Christmas in England 2006

DAY 7: Thursday 28 Dec

Middlesbrough to Chesterfield

After staying the night at the Travel Inn on the outskirts of Middlesbrough (The Cross Keys), we headed south towards Whitby. The Cross Keys is a very old stage coach inn, modernised and extended. We found it very comfortable, the food and drink By 9am the sun was beginning to appear and the deep blue sky was flecked with clouds. We had hopes of fine weather.

Sunrise in Middlesbrough
The sun cutting through Roseberry Topping
The Cross Keys Inn on the A171 at Middlesbrough


A few miles south of Middlesbrough the A174 returns to the coast. Alongside the road as it heads down a long hill is the Boulby Mine, one of the world's largest producers of potash. A mile or so further on you reach Staithes, a small village crowded into a steep narrow valley and around the edge of a small harbour. Staithes has a Heritage Centre

The A174 at Boulby
The Boulby Potash Mine, just west of the highway
The Boulby Mine from the south, the highway can be seen behind the mine
Looking down into Staithes.
Staithes Harbour looking across to the headland of Crowbar Nab
Staithes Harbour
Paul standing in front of James Cook's Cottage
The lintel over the door
Plaque on the cottage
Looking out across the harbour


A few miles south of Staithes you meet the long sandy beach with Whitby to the south and Sandsend at the northern end against the rocky headland. The source of the name is obvious....

Looking north towards Sandsend
A closer view of the seaside village of  Sandsend
Looking south with the headland and breakwater of Whitby in the distance

Whitby and Captain James Cook

The attraction of Whitby (apart from the charming fishing village) is its intimate relationship with Captain Cook. All New Zealanders know the history of James Cook and his voyages of discovery to the South Pacific and New Zealand. Whitby has special mention in this history, and there is a large suburb of Wellington bearing this name. We arrived in Whitby on a clear, cool morning, but not nearly as cold as our previous visit in September 2003.

The breakwater at the entrance to Whitby
Whalebone arch above Whitby, with the derelict monastery behind
The statue of Capt James Cook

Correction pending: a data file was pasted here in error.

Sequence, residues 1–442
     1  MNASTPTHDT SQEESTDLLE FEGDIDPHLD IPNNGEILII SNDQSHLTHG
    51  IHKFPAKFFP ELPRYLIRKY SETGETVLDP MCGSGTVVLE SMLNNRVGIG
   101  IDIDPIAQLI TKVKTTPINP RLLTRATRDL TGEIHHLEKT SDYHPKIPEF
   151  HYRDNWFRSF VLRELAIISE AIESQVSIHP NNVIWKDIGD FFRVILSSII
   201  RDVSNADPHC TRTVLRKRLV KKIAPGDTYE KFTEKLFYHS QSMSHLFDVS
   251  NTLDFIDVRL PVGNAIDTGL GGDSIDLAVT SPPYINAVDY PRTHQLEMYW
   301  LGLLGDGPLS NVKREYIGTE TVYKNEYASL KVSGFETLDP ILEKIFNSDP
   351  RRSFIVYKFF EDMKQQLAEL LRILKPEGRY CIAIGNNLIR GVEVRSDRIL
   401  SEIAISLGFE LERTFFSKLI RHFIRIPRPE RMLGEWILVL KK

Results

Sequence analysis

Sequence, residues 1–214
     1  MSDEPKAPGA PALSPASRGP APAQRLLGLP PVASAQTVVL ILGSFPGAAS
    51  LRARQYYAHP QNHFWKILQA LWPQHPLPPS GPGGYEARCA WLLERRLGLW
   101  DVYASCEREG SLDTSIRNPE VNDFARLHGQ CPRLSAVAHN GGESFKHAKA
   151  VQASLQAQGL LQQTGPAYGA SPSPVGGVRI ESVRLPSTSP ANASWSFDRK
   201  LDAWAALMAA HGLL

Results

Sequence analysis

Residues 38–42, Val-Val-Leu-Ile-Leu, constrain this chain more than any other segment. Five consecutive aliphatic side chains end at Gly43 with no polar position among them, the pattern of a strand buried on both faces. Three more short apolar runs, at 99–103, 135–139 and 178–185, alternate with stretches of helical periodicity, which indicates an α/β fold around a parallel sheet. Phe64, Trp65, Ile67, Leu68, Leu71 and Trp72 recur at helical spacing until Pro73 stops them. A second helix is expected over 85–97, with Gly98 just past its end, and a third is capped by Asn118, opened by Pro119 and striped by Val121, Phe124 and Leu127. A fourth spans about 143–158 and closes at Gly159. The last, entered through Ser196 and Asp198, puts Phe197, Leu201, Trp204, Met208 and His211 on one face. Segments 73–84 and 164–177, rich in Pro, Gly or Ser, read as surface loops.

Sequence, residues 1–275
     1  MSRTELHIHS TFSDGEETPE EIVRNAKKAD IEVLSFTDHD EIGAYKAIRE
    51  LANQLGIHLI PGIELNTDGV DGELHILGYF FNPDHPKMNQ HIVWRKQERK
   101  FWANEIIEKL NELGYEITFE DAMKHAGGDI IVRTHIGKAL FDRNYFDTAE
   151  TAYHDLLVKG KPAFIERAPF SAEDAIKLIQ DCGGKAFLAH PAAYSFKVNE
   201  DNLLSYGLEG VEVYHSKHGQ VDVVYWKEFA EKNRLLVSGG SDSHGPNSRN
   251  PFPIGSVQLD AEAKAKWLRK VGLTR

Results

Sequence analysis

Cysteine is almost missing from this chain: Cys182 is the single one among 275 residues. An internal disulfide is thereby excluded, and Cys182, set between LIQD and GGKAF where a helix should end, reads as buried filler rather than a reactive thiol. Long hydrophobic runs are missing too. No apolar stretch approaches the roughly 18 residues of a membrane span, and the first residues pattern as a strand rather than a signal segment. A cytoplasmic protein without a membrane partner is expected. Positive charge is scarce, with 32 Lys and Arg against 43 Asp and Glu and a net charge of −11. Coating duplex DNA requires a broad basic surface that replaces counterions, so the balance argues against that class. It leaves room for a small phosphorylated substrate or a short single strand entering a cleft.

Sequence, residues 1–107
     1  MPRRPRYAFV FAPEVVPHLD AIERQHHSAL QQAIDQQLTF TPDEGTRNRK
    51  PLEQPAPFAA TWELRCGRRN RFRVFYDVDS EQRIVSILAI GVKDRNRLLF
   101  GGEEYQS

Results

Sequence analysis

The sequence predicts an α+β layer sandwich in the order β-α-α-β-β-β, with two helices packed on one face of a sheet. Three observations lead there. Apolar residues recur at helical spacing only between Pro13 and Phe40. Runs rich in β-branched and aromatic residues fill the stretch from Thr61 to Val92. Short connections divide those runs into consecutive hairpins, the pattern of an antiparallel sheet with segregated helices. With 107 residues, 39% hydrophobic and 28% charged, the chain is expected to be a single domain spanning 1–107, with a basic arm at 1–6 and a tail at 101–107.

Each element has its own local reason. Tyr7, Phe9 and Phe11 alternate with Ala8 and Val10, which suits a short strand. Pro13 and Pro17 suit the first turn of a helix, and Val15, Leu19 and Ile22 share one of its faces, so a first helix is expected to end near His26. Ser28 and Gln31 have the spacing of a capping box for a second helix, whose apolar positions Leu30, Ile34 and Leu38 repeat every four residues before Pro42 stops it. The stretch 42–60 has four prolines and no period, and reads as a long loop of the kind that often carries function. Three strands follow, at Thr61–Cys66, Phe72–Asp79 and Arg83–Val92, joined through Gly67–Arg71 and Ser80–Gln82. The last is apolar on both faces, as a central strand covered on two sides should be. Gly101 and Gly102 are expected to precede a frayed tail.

The Australian plaque on the statue
Plaque to commemorate the men who built and sailed in Cook's three ships
The New Zealand plaque
The Canadian plaque
Looking out to sea past the whale bones and the Cook statue
Cook looking out to sea

Whitby town

Below the headland with the statue lies Whitby town, built around the port and wharves..

The Cook Museum building beside the harbour. Note the brilliant morning sun in late December!
The jeweller beside the Cook Museum, that sells Whitby Jet jewellery.......
The Museum from across the harbour
The lane beside the Museum
Replica of the Endeavour
Whitby Harbour looking east towards the entrance
Fishing boats....
and their nets and pots
The split bridge over the harbour that opens to let boats through
Our final view of Whitby from the hills to the west on the A171.

The Humber Bridge

From Whitby we drove west on the A171 then south on the A169 through Pickering, past York adn eventually reached Kingston Upon Hull. Here we stopped to walk onto the Humber Bridge, the large suspension bridge over the Humber River.

The wire suspension bridge over the Humber River
The footpath over the bridge
Part of the pillars and suspension cables


Our destination for the day was Chesterfield in Derbyshire. We chose this town as it was close to the M1 from Kingston, and also close to Matlock, our first destination the next day. By mid-afternoon the weather had deteriorated to a grey overcast cloud and light drizzle.

Chesterfield's famous church spire
The crooked spire photographed through steady rain.

Back to previous dayback button--------- forward buttonForward to next day

Return to Trip Index

Last updated: 30/06/2017